soul care

Offering H.E.L.P. in Suffering

This past weekend two high school graduates were killed in a car accident here in Humboldt, Iowa, where I pastor.  In light of this tragedy I shared these words on my church Facebook page as a way to encourage our community to give real H.E.L.P. to the hurting families and friends in our area. H – Hope not answers. When people are in the midst of suffering, they need hope more than answers. Hope is not found in solving the problem, but running to a person. Jesus. We may not know why everything happens, but we can hope in the person who understands suffering more than anyone and sympathizes with us in it.

E – Enter into their pain. Empathize with them. Did you know that grieving with someone can be the single most helpful expression of love and care? Weep with them. Just be there for them and be with them.

L – Listen to them & Love them in tangible ways. Seek to understand their situation. James 1:19 says, “Be quick to listen and slow to speak.” If you must speak, tell them, “I am standing with you. I am grieving with you.” And love them in tangible ways. Make a meal. Offer a small gift. Spend time with them.

P – Pray for them and Patiently walk w/them through the long journey of suffering. In the deepest of suffering, some may find it hard to even pray. We can intercede for them and carry this burden. And oftentimes, after the initial help has arrived, we forget the one who is suffering over time. But this is when the church is even more needed. To patiently walk with them and be with them through the long road of suffering.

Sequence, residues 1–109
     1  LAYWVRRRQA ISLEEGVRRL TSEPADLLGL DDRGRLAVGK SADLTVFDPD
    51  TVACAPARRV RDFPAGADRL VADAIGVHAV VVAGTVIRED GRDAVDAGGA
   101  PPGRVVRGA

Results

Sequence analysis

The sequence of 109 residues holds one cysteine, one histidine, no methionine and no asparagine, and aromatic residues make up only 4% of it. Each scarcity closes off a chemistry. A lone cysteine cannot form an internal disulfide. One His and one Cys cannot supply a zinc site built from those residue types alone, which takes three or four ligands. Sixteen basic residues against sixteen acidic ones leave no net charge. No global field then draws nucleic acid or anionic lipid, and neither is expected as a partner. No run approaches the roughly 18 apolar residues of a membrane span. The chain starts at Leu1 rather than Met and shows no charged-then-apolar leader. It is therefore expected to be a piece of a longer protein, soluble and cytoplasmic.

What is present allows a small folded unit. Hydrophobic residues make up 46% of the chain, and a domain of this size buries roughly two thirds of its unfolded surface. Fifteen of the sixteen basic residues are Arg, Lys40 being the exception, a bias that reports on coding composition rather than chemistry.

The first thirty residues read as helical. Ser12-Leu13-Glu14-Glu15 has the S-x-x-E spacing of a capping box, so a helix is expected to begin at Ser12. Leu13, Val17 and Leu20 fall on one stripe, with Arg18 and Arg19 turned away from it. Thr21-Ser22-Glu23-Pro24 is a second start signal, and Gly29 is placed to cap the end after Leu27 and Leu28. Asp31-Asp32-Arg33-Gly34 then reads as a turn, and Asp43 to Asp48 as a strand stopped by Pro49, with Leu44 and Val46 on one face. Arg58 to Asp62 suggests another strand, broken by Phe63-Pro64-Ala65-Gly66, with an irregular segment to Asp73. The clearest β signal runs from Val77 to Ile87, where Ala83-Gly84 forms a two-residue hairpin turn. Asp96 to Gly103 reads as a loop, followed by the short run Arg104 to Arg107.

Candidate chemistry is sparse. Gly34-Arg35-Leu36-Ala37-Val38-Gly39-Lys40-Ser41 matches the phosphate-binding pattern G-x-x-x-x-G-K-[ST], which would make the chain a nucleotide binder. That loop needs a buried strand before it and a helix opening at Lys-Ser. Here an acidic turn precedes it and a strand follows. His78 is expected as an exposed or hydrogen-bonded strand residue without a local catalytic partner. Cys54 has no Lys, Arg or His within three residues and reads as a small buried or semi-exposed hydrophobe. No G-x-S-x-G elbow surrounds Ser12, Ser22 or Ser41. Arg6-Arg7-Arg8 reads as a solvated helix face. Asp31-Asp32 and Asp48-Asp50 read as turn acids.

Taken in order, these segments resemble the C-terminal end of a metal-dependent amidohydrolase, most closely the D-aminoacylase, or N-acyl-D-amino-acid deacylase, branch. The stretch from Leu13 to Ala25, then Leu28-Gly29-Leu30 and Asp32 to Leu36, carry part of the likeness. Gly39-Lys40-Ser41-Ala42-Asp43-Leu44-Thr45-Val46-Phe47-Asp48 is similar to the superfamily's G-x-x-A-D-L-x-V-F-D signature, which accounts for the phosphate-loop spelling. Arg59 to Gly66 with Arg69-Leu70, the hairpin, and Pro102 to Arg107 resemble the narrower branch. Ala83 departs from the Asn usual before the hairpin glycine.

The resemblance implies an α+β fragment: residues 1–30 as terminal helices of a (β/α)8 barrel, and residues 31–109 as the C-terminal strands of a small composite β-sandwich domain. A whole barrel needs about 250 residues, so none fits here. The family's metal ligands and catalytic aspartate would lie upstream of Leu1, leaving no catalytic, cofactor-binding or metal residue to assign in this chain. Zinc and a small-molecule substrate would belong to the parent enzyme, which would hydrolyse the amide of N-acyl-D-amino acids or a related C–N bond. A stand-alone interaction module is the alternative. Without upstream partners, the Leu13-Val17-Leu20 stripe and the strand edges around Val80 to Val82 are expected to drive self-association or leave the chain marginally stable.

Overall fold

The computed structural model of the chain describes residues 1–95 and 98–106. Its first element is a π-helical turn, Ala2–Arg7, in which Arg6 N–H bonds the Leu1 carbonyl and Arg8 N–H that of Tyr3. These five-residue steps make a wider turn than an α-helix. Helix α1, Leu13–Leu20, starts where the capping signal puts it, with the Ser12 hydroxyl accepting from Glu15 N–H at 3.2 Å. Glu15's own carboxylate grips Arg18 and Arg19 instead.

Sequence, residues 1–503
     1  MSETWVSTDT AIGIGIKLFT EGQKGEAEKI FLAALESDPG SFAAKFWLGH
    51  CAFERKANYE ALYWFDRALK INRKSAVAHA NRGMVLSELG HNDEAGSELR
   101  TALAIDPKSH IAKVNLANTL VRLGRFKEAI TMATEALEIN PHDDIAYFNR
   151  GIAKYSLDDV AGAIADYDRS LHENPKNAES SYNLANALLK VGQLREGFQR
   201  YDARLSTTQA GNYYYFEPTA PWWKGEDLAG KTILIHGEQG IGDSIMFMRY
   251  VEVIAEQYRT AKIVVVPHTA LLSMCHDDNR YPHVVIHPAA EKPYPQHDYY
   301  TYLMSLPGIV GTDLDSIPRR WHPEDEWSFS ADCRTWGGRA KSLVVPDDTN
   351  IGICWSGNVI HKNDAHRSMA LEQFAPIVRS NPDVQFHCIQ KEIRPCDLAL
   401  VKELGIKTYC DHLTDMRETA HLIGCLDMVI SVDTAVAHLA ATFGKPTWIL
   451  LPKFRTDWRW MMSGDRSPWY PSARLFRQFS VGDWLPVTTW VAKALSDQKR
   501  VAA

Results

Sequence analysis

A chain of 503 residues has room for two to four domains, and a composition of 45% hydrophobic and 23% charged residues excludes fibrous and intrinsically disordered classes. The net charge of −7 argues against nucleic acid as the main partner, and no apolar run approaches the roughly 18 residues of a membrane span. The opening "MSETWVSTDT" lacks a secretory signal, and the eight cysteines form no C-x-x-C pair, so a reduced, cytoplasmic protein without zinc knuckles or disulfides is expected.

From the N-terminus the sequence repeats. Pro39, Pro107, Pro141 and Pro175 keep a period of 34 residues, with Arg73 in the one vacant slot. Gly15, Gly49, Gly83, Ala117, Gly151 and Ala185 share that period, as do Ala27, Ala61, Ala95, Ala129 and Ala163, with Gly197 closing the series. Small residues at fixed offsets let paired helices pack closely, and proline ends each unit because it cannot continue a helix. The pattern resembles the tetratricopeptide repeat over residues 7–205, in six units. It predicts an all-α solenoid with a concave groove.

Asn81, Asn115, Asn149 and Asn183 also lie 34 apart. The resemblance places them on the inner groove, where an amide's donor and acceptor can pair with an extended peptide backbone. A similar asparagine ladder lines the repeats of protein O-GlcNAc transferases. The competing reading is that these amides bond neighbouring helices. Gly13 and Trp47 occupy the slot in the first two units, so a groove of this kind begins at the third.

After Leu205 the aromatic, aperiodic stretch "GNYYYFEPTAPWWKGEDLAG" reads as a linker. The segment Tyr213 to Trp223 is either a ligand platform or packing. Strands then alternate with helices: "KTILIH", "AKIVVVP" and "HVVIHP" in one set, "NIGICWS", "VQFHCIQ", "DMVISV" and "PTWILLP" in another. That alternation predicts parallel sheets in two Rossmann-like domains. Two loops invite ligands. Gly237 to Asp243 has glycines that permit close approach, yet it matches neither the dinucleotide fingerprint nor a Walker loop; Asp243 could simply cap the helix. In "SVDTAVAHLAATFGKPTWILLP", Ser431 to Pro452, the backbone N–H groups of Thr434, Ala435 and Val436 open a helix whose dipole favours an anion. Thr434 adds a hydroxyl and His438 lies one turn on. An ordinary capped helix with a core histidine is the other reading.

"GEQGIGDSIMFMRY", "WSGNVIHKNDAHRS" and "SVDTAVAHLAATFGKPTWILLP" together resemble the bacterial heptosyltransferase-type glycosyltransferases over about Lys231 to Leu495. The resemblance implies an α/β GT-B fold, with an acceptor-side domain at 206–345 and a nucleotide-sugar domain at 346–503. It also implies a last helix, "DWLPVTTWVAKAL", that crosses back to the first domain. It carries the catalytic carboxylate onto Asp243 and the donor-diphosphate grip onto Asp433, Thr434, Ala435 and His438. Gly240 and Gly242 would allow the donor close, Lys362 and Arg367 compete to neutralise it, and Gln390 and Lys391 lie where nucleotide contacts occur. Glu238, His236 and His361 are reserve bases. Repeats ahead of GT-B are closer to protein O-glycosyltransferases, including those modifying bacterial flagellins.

Offering Real H.E.L.P. in Suffering

This past Sunday I preached on our paradoxical life as Christians. Ours is a life of rejoicing with those who rejoice and weeping with those who weep (Rom. 12:15). I used an acronym to remember how we give real help to those who are suffering. H – Hope not answers.  When people are in the midst of suffering, they need hope more than answers. Hope is not found in solving the problem, but running to a person. Jesus. We may not know why everything happens, but we can hope in the person who understands suffering more than anyone and sympathizes with us in it.

E – Enter into their pain.  Empathize with them. Did you know that grieving with someone can be the single most helpful expression of love and care? Weep with them. Just be there for them and be with them.

L – Listen to them & Love them in tangible ways. Seek to understand their situation. James 1:19 says, “Be quick to listen and slow to speak.” If you must speak, tell them, “I am standing with you. I am grieving with you.” And love them in tangible ways. Make a meal. Offer a small gift. Spend time with them.